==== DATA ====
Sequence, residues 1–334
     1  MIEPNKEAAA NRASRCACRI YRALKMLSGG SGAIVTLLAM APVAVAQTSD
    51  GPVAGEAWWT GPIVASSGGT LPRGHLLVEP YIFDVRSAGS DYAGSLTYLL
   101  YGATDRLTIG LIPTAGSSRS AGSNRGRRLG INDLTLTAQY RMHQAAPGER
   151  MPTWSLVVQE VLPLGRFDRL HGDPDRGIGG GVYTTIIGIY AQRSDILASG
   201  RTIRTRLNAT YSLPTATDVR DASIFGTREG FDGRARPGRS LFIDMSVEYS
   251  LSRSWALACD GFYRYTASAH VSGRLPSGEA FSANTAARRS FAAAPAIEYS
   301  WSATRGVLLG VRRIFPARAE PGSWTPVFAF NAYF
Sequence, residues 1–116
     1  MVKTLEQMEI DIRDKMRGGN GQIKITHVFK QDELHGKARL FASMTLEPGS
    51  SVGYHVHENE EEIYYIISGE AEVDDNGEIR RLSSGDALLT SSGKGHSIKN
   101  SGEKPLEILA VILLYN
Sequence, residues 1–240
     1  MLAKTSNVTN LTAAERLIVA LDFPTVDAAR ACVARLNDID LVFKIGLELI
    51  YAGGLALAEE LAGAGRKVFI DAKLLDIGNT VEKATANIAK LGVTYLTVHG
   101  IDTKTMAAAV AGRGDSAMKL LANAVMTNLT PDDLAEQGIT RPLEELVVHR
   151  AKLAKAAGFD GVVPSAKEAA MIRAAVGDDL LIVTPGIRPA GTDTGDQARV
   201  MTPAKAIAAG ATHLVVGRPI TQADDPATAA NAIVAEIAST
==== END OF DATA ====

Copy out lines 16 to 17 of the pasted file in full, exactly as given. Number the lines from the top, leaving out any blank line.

   101  IDTKTMAAAV AGRGDSAMKL LANAVMTNLT PDDLAEQGIT RPLEELVVHR
   151  AKLAKAAGFD GVVPSAKEAA MIRAAVGDDL LIVTPGIRPA GTDTGDQARV